Theorists tackle the Earth's core
Oct 1, 1999
Geophysicists need to know the temperature at which iron melts at very high pressures in order to understand the structure of the Earth. Both the solid inner core and the molten outer core, which extend to 55% of the Earth's radius, consist mainly of iron. A group of theoretical physicists from the UK has now calculated the melting curve of iron from first principles, and claim that the results are as accurate as those from high-pressure experiments (Nature 401 462).
Dario Alfè, David Price and Mike Gillian of University College London used a Cray T3E supercomputer to calculate that the melting point of iron was 6700 Kelvin, plus or minus 600 Kelvin, at the pressure of the inner core boundary. The inner and outer cores store tremendous amounts of energy as heat. The transfer and movement of this energy can cause earthquakes and volcanoes. It can also influence the motion of continental plates. Moreover, the magnetic field generated by the molten core protects the Earth from the solar wind.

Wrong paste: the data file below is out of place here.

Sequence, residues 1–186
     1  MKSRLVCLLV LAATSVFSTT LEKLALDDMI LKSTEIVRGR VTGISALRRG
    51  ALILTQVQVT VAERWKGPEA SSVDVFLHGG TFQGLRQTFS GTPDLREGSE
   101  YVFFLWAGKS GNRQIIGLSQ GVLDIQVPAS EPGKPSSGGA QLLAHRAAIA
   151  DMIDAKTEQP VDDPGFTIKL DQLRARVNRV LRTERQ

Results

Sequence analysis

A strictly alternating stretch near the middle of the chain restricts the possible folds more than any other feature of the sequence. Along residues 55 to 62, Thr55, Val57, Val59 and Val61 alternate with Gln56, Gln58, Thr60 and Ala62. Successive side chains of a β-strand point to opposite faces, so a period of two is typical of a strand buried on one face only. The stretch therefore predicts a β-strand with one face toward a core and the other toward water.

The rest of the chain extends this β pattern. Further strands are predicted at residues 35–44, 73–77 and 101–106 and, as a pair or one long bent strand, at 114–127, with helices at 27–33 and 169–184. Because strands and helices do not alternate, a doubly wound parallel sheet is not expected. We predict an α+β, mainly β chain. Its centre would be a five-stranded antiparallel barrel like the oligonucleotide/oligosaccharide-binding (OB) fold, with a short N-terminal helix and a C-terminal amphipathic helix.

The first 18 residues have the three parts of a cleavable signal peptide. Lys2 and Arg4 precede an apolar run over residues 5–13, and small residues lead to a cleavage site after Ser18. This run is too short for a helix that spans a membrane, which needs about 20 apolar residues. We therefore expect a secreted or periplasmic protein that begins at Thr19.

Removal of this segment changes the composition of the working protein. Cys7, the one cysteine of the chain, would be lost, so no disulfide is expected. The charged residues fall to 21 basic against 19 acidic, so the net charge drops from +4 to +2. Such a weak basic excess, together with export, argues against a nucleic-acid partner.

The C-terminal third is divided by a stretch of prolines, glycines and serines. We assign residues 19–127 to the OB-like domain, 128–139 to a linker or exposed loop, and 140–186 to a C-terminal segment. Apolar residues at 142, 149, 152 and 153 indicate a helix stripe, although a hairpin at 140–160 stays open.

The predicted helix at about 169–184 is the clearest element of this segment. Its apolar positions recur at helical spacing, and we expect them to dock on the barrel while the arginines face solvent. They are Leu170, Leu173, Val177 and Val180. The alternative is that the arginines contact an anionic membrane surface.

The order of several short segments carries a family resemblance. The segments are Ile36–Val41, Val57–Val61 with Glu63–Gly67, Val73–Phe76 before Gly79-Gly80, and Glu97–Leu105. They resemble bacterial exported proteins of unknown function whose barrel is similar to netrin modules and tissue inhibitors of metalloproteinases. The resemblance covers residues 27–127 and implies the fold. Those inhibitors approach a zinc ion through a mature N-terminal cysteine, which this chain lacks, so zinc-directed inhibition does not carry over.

"The core temperature is crucial for our understanding of how the Earth changes over time," says Mike Gillian. "You have to know this if you want to understand earthquakes on a fundamental level."